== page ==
To construct a plausible size for the shock to the German economy, we make the assumption that the result of a Russian energy embargo will be a reduction of gas deliveries of 30%, or about 8% of total German energy consumption. This will have to be borne by domestic industry, households, and services. While some part of this gap can potentially be closed by filling reserves over the summer when heating demand from households is low without hurting industrial usage, our baseline assumption is that in the short run the Germany economy would be forced to adjust to such a shock. What would be the economic effects?
As our workhouse model, we rely on a state-of-the-art multi-sector macro model with production networks based on Baqaae and Farhi (2021) to estimate the economic costs for the German economy of stopping Russian energy imports. The size of economic losses depends crucially on the time frame over which adjustments take place. It is implausible to assume that even in the short run the elasticity of substitution is zero. Producers and households will always be able to switch to other inputs to some extent, change their consumption baskets, or import energy, especially gas, or products with high energy content that can be transported in bulk. In the estimated model, for low elasticities of substitution, the Baqaee-Farhi multi-sector model predicts modest losses equivalent to 0.2–0.3% of German GDP (see Table 2).
The macroeconomic effects of cutting Germany off from Russian energy depend highly on the extent to which the production structure can adjust to the reduction of fossil energy and on how substitutable imports from Russia are by imports from other suppliers. In the very short run, this substitutability is of course limited. Electricity production can adjust quickly and at relatively low cost, while replacing the material use of gas, for instance, will be more difficult or even impossible.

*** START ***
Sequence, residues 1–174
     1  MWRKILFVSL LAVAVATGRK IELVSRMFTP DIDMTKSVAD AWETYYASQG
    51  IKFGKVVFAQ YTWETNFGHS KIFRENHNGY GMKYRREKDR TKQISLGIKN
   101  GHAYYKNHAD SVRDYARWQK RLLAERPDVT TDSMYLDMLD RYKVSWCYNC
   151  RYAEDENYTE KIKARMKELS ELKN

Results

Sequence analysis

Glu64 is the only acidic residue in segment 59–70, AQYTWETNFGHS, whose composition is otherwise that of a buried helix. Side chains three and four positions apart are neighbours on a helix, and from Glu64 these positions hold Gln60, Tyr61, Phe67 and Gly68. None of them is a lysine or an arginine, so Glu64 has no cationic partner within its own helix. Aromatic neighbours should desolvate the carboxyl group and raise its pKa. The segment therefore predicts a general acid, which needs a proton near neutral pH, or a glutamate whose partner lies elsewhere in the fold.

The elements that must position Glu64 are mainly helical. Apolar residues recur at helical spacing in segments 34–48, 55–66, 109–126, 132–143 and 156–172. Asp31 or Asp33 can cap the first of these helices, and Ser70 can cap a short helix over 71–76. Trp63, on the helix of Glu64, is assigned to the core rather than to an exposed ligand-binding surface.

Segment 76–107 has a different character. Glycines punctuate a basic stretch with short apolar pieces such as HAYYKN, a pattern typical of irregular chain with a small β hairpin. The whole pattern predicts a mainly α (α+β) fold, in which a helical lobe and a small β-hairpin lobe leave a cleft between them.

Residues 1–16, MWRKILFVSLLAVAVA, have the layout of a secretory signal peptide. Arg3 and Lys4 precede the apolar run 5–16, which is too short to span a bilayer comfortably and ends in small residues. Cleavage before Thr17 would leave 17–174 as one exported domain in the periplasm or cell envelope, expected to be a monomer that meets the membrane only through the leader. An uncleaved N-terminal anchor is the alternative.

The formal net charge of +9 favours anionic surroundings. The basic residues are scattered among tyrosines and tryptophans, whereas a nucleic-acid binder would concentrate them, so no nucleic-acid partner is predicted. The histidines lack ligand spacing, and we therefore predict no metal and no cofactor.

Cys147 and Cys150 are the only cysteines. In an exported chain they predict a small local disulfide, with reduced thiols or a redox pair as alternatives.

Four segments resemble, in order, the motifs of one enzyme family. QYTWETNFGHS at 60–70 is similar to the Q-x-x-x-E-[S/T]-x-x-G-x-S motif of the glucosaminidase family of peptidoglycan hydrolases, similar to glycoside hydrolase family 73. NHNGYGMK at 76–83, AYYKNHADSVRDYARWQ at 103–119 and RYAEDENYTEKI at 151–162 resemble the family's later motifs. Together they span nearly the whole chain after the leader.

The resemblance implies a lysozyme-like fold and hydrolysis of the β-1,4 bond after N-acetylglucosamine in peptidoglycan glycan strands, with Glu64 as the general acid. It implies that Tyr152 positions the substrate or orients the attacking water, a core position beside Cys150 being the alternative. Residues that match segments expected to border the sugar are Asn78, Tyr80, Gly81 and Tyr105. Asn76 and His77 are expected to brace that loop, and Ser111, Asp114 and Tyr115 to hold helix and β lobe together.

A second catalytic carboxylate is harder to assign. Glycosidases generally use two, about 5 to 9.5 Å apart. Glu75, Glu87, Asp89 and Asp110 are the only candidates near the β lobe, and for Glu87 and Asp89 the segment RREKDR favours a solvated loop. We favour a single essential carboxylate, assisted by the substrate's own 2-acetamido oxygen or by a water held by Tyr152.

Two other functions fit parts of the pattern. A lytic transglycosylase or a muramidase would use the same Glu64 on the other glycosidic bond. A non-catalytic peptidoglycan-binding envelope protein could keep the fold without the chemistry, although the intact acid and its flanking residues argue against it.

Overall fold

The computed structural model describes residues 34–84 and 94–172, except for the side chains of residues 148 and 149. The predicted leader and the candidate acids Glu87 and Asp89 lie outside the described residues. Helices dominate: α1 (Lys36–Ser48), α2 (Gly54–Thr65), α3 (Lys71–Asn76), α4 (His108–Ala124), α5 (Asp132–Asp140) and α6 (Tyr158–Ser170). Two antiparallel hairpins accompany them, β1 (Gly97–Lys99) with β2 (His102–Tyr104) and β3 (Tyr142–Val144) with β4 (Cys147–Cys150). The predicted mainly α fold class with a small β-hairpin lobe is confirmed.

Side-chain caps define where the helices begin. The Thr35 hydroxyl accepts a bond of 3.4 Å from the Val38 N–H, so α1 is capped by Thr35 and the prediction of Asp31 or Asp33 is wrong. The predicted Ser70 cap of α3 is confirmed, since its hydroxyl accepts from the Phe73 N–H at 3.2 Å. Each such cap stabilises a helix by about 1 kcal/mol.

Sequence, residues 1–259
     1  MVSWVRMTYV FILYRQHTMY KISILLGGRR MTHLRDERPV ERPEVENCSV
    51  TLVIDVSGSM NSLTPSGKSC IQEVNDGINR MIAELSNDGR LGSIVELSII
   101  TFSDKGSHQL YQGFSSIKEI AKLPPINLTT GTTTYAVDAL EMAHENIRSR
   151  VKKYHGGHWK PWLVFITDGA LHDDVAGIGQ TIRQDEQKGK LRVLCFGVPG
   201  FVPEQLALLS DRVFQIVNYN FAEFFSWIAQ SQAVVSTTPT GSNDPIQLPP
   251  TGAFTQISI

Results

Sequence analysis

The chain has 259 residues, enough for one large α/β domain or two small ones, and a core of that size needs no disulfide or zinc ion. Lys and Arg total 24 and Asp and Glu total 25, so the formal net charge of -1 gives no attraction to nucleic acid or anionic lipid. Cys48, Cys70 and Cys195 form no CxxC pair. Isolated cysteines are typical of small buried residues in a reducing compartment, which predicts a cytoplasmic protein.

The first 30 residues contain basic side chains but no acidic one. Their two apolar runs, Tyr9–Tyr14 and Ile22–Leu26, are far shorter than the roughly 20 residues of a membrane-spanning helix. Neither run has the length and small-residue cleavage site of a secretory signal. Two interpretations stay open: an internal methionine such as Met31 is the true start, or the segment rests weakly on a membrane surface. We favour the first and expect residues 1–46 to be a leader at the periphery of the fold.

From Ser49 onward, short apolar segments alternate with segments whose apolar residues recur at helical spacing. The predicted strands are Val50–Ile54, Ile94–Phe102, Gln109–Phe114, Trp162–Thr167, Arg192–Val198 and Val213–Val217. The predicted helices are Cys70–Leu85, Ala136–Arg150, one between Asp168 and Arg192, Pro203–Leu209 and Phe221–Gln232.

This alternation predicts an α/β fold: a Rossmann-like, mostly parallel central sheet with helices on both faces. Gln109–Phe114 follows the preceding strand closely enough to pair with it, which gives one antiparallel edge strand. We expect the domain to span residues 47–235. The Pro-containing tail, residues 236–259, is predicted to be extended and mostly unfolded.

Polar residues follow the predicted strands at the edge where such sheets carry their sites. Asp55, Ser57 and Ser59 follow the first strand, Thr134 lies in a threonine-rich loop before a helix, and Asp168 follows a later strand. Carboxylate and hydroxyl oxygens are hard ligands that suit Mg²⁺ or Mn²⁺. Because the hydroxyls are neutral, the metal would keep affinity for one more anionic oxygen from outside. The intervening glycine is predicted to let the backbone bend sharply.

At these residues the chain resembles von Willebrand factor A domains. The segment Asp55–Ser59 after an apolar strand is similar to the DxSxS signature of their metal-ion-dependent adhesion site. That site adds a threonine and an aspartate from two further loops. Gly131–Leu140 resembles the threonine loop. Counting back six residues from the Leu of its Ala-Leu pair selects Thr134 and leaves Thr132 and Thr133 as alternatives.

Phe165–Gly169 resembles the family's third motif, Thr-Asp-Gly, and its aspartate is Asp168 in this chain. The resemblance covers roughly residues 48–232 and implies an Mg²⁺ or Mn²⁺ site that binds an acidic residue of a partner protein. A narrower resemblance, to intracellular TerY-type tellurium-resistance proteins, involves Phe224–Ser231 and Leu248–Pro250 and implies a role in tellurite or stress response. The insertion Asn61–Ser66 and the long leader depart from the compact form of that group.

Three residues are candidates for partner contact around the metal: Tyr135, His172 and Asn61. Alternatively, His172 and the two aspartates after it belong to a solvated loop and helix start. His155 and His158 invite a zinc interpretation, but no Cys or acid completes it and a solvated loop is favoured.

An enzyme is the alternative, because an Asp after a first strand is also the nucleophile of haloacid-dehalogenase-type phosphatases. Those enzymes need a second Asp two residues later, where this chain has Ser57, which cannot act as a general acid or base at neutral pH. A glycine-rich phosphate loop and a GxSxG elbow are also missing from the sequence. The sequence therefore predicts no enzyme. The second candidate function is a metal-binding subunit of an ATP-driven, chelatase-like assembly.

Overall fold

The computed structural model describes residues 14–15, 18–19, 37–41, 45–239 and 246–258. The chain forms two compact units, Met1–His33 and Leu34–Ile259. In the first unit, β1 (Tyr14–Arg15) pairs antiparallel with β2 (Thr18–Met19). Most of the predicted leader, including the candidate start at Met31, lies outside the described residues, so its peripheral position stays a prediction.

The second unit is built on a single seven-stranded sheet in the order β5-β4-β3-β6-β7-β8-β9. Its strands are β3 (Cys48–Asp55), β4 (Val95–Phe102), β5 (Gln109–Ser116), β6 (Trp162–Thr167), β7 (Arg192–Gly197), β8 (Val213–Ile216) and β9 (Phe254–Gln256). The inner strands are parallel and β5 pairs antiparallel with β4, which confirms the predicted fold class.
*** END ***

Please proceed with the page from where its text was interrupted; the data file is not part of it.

We acknowledge that the uncertainty surrounding elasticities of substitution could be large. To derive a plausible upper bound of the costs, we complement our calculations from the rich multi-sector model with an analysis of a simpler model. We discipline these estimates with empirical elasticities found in the literature for industrial energy usage on 4-digit Standard Industrial Classification (SIC) level (Steinbuks 2012). Similar estimates are found for short-run residential demand for natural gas (Auffhammer and Rubin 2018) and they also lie in the middle of the estimates for short-run demand elasticities across a large set of studies (Labandeira et al. 2017).
In the first exercise, we calculate the effects of an 8% aggregate reduction in overall German energy use. In the second scenario, we model a 30% reduction in gas inputs as a shock to that specific energy source. Assuming very low short-run substitution elasticities, an 8% energy adjustment to oil, gas, and coal consumption leads to a 1.4% GDP loss, or costs of €500–700 per year per German citizen. In a last scenario where we model a more extreme 30% adjustment in gas usage, the economic losses rise to 2.2% of GDP (2.3% of GNE), equivalent to up to €1,000 per year per citizen – an order of magnitude higher than the 0.2–0.3% (or €80–120 per citizen) implied by the Baqaee-Farhi model.
It is important to stress that the model we use is a real model with no further business cycle amplification. Such amplifications are possible if monetary and fiscal policy do not counter the effects of nominal rigidities on the economy. On the monetary side, a firm commitment to stable prices can soften the potential trade-off between stabilising output and inflation. At the same time, fiscal policy needs to – and can, through insurance mechanisms like short-term work – take care of second-round demand effects. To account for potential amplification, as a pessimistic scenario we approximate a number of a 3% output shock, hence a rate of contraction that is 30% greater than in the estimated model.